From complex songs to simple honks, birds produce sounds using a unique vocal organ called the syrinx1,2. Located close to the heart at the tracheobronchial junction, vocal folds or membranes attached to modified mineralized rings vibrate to produce sound1,2,3,4,5,6,7. Syringeal components were not thought to commonly enter the fossil record6, and the few reported fossilized parts of the syrinx are geologically young8,9,10,11 (from the Pleistocene and Holocene (approximately 2.5 million years ago to the present)). The only known older syrinx is an Eocene specimen that was not described or illustrated12. Data on the relationship between soft tissue structures and syringeal three-dimensional geometry are also exceptionally limited5. Here we describe the first remains, to our knowledge, of a fossil syrinx from the Mesozoic Era, which are preserved in three dimensions in a specimen from the Late Cretaceous (approximately 66 to 69 million years ago) of Antarctica. With both cranial and postcranial remains, the new Vegavis iaai specimen is the most complete to be recovered from a part of the radiation of living birds (Aves). Enhanced-contrast X-ray computed tomography (CT) of syrinx structure in twelve extant non-passerine birds, as well as CT imaging of the Vegavis and Eocene syrinxes, informs both the reconstruction of ancestral states in birds and properties of the vocal organ in the extinct species. Fused rings in Vegavis form a well-mineralized pessulus, a derived neognath bird feature, proposed to anchor enlarged vocal folds or labia5. Left-right bronchial asymmetry, as seen in Vegavis, is only known in extant birds with two sets of vocal fold sound sources. The new data show the fossilization potential of the avian vocal organ and beg the question why these remains have not been found in other dinosaurs. The lack of other Mesozoic tracheobronchial remains, and the poorly mineralized condition in archosaurian taxa without a syrinx, may indicate that a complex syrinx was a late arising feature in the evolution of birds, well after the origin of flight and respiratory innovations.
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This project was funded by the Gordon and Betty Moore Foundation (grant GBMF4498; J.A.C., T.R. and F.G.), as well as the National Science Foundation (OPP ANT-1141820, OPP 0927341 and EAR 1355292; J.A.C.), C. Burke and the Agencia Nacional de Promoción Científica y Técnica (PICT 2010-066; F.E.N). The Instituto Antártico Argentino (IAA), G. M. Robles, W. J. Zinsmeister and especially C. A. Rinaldi, E. B. Olivero, and the Fuerza Aérea Argentina provided key support for fieldwork in 1993.
The authors declare no competing financial interests.
Nature thanks P. O’Connor and the other anonymous reviewer(s) for their contribution to the peer review of this work.
Extended data figures and tables
Extended Data Figure 1 Photographs of elements from the new Vegavis iaai specimen from Vega Island, Antarctica (MACN-PV 19.748) prepared from the primary block.
a–d, Coracoid(a), caudal vertebra (b), (from top to bottom) distal radius, ulna with radiale in articulation, radiale and ulnare, and manual phalanx III:1 (c), pedal phalanx (d), scapula (e), femur (f), tibiotarsus (g). Scale bar, 1 cm.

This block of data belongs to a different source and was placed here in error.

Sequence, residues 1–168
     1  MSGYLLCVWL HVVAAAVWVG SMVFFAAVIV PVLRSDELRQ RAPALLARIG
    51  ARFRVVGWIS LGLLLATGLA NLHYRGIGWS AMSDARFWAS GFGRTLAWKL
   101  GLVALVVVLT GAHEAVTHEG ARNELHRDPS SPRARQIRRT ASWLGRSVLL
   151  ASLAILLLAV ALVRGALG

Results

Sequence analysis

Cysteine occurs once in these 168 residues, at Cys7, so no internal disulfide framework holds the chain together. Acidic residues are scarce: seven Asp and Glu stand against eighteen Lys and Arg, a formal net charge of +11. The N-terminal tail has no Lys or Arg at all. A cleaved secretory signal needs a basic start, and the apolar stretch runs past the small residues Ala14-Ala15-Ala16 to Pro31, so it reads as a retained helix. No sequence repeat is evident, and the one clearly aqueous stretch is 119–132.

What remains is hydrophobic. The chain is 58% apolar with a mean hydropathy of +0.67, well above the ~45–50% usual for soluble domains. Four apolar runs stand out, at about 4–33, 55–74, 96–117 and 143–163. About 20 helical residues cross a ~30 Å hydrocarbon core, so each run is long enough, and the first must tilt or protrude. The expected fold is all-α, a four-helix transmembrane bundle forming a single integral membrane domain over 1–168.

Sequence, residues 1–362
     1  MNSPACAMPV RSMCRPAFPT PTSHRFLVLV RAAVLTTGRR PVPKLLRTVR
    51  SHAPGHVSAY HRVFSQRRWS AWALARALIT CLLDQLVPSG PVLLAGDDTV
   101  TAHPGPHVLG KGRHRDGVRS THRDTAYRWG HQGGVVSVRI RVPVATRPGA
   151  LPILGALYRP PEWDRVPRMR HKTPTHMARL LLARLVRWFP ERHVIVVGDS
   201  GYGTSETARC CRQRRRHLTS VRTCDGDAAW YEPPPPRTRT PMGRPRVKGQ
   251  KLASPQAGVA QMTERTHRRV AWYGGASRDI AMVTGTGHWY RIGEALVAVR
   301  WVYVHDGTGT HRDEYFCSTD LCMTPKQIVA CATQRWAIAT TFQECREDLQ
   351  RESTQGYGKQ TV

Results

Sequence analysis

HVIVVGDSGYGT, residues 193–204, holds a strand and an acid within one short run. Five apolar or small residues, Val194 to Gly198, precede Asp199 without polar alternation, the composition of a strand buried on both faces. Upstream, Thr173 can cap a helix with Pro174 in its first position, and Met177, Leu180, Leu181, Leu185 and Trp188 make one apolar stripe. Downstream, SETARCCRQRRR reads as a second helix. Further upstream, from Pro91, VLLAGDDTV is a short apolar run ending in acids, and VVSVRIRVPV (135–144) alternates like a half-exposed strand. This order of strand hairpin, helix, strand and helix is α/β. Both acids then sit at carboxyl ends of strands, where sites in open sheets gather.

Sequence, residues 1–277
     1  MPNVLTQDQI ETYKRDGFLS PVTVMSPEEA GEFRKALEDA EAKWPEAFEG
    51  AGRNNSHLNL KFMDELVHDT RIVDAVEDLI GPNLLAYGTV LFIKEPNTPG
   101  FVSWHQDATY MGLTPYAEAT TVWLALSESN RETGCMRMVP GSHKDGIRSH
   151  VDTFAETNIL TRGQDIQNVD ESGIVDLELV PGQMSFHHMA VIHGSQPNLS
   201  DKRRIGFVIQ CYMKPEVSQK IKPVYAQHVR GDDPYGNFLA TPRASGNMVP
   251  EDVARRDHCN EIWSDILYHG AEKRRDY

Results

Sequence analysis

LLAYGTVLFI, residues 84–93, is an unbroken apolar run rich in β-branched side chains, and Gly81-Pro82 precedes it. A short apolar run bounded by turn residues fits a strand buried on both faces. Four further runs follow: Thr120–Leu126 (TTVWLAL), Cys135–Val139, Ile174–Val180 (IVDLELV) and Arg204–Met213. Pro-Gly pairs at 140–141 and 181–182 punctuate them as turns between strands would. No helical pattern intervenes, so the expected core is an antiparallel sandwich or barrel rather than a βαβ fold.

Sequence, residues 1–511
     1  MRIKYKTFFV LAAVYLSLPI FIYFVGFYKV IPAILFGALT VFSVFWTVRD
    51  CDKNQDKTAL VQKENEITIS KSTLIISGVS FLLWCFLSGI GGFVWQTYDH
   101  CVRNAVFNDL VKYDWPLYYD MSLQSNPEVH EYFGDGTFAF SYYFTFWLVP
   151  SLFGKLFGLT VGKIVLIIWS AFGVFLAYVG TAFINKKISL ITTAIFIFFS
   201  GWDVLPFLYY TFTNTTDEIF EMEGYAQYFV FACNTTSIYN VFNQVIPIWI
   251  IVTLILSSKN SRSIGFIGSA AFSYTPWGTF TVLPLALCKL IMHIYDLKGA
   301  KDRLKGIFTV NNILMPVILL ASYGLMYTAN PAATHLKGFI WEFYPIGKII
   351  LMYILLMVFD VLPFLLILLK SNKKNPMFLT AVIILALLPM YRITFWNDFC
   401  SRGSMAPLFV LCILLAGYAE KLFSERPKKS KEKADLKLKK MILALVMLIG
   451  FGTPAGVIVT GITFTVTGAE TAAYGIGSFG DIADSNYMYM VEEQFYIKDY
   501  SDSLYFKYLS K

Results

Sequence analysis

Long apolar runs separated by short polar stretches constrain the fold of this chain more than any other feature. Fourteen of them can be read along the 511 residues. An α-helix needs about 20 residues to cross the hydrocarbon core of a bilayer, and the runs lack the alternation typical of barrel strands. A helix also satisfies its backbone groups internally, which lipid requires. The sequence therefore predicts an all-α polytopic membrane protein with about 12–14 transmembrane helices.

Extended Data Figure 2 Images from X-ray computed tomography of selected elements of the new Vegavis iaai specimen (MACN-PV 19.748).
a, Coracoid (acr, acrocoracoid; gl, glenoid facet; pp, procoracoid process; scc, scapular cotyla). b, Proximal tibia (cnc, cranial cnemial crest). c, Pterygoid (bpt, basipterygoid articular facet; pat, palatine articular facet; qut, quadrate articular facet). d, Fibula (fi). e, Radialae and ulnare. f, Caudal mandible. g, Proximal humerus (dep, depression; dc, deltopectoral crest; ci, captal incisure; fo, fossa). h, Femur (os, ovoid scar). Scale bar, 1 cm.
Extended Data Figure 3 Polarornis gregorii holotype specimen from Seymour Island, Antarctic Peninsula.
The specimen was damaged during original preparation and the existence of the previously described braincase and quadrate as well as morphologies from the skull and tibial shaft cannot be confirmed.
Extended Data Figure 4 Comparison of elements in common between the Polarornis gregorii holotype specimen from Seymour Island (top) and the new specimen of Vegavis iaai (MACN-PV 19.748) (bottom).
a, b, Tibiotarsus (a) and femur (b). The asterisk indicates the prominent muscular ridge on the femur present in the Vegavis iaai holotype and the newly referred specimen (MACN-PV 19.748), but not seen in the Polarornis holotype. Scale bar, 1 cm.
Extended Data Figure 5 Comparison of select elements in common between the Vegavis iaai holotype and the new specimen (MACN-PV 19.748).
Top, the circular depression on the proximal femur used in the diagnosis of Vegavis seen in the new specimen18. Bottom, the humeral crest (lateral to the capital ridge) also mentioned in that diagnosis of Vegavis iaai are shown. Although both of these characters show a complex distribution in Aves, and are not restricted to the species, their combination is unique.
Extended Data Figure 8 Morphological comparison of the syrinx in the fossils and enhanced contrast CT images of avian and outgroup exemplars. Key features discussed in the text are illustrated.
The numbers (−1, 0, 1) reference the position schema described in the main text, Supplementary Information, Supplementary Tables 3 and 4, Extended Data Fig. 7. Enlarged images are available at http://www.jsg.utexas.edu/syrinx-evolution/ and this image website is also available at Data Dryad as a zipped file at http://dx.doi.org/10.5061/dryad.50n8j.
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Clarke, J., Chatterjee, S., Li, Z. et al. Fossil evidence of the avian vocal organ from the Mesozoic. Nature 538, 502–505 (2016). https://doi.org/10.1038/nature19852
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